The clay court season heads to Madrid this week, as the preparation for Roland Garros intensifies. Rafael Nadal won the event last year in his home country to make it five Madrid titles, and six wins for Spaniards since the competition began back in 2002.
Nadal is the strong favourite in a competitive field this year. The King of Clay has won 12 straight matches on his favoured surface, bringing him titles in Barcelona and Monte Carlo.
The rejuvenation of Nadal from his injury plagued years is one of the great sporting tales, he has shown no signs of stopping. The relentless rallies are as tiresome for opponents as ever. It is very hard to see past the Spaniard if he remains fit for the entirety of the event.
The draw is littered with household names. The 2016 champion, a certain Novak Djokovic, is a shadow of his former self. He holds a painful 2-2 record on the clay this season, including a defeat to world number 140, Martin Klizan, in Barcelona last week.
There were more positive signs for the Serbian in Monte Carlo. Eventual defeat to Dominic Thiem was disappointing, but he at least competed with the Austrian and saw off Borna Coric in straight sets.
There’s little value in backing Djokovic in Madrid, however. His form is indifferent at best, and each performance makes the tennis world wonder if we will ever see him as a top five player again.
Speaking of Thiem, the world number seven has had a mixed time himself. After beating Djokovic in Monte Carlo, he won just two games as he was swept aside by Nadal.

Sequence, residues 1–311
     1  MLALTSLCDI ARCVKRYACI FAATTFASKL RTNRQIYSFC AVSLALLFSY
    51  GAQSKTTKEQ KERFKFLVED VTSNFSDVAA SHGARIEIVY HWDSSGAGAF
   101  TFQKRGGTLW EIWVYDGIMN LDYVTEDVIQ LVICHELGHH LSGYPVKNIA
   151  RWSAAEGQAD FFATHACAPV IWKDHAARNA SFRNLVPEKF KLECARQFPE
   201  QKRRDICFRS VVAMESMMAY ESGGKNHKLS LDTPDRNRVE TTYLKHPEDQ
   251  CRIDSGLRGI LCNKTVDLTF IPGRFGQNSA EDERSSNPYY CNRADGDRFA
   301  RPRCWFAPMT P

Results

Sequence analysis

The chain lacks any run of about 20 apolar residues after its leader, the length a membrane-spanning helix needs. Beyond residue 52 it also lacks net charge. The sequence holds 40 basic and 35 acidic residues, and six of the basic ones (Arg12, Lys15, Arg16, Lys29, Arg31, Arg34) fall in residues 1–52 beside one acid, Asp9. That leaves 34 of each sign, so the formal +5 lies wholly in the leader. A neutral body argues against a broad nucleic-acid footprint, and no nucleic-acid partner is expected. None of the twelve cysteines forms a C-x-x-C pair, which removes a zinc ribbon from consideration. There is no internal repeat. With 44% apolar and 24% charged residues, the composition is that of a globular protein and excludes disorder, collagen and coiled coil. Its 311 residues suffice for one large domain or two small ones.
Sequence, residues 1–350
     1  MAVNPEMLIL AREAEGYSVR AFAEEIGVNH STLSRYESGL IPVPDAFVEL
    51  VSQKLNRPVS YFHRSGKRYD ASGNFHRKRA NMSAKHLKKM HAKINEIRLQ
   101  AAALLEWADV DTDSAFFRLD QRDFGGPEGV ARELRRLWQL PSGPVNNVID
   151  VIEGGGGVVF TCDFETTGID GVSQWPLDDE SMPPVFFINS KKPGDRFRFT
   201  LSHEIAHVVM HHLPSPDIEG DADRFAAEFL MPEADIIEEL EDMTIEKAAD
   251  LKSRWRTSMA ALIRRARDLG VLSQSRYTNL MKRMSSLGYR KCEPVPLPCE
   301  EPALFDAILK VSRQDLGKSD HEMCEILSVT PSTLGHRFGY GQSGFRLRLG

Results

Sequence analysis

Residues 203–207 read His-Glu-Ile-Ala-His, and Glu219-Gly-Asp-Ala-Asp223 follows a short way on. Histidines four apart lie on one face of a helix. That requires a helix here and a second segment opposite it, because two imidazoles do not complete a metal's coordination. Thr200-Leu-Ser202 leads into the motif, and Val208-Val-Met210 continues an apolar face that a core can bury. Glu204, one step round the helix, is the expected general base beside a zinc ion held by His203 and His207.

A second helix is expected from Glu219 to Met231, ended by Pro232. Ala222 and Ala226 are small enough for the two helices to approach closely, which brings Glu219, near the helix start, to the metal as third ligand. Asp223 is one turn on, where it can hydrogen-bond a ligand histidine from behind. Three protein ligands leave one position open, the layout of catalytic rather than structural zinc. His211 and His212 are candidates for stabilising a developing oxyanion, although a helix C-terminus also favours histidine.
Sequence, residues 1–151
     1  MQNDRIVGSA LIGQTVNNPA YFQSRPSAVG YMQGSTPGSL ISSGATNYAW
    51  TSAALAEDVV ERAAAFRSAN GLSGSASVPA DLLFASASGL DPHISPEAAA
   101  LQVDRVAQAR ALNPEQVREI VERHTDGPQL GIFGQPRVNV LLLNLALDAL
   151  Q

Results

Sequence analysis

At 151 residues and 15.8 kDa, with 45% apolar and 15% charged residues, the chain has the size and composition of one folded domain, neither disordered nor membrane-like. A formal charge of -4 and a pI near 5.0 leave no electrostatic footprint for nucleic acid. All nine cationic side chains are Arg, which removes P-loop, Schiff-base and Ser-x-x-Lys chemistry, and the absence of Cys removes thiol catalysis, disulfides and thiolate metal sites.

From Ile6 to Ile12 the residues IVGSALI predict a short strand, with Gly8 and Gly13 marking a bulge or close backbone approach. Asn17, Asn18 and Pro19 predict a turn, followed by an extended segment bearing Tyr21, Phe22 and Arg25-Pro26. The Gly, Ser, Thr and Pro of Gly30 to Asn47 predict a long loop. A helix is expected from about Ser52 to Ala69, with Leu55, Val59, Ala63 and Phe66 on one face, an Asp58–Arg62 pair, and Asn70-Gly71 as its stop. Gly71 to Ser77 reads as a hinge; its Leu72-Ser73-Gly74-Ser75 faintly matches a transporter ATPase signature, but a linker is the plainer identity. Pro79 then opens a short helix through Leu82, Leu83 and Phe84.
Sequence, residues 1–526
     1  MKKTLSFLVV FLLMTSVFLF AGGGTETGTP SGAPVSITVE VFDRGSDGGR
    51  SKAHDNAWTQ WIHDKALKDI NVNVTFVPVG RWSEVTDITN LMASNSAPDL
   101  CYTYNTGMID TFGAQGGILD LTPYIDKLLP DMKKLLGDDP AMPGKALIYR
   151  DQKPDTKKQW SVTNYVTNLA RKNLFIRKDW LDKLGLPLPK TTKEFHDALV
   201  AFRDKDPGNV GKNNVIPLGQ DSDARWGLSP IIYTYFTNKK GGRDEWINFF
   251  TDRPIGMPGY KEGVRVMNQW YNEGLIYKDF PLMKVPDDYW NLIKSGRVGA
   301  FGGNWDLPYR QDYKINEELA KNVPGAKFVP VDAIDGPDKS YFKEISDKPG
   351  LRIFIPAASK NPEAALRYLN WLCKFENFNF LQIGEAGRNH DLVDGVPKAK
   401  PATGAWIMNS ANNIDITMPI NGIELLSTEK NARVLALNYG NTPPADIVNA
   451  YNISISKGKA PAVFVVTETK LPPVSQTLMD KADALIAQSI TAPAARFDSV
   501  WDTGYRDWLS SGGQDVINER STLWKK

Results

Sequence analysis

World number 63, Stefanos Tsitsipas, then beat him in straight sets in Barcelona. The 24-year-old is at decent value to win the tournament. He has the talent, but he will need a favourable draw if he is to go all the way to the final in the Spanish capital.
The highest ranked player not named Nadal is young Alexander Zverev. The 21-year-old is widely considered as the future of the men’s game, assuming that Nadal and Roger Federer retire at some point.
The German has had a decent, if not spectacular, season to date. Beating the veteran Richard Gasquet in Monte Carlo, however, was quickly undone by a battling three-set defeat to Kei Nishikori.
Zverev could get a good draw thanks to his ranking. The strength of the competition this year, though, means that you can only avoid a big name for so long. I like Zverev to win the competition, and I think he probably offers the best value away from Nadal.
Marin Cilic, like Zverev, suffered defeat to Nishikori in Monte Carlo. Cilic is no more than an outsider for this competition for me. Of the top ranked players, Juan Martin del Potro is the real standout.
The Argentinian, as we have frequently seen, can beat absolutely anybody in the world when he’s at his best. Whether that can stretch to Nadal on clay, I’m not so sure, but he might have the best chance of anyone in the competition.
The chasing pack are closely matched. It is an immensely tough one to call if Nadal is injured or eliminated, but otherwise I struggle to see anyone taking a set off the Spaniard, let alone winning the match.
Should that happen, del Potro and Gregor Dimitrov are my two picks.
*Odds subject to change - correct at time of writing*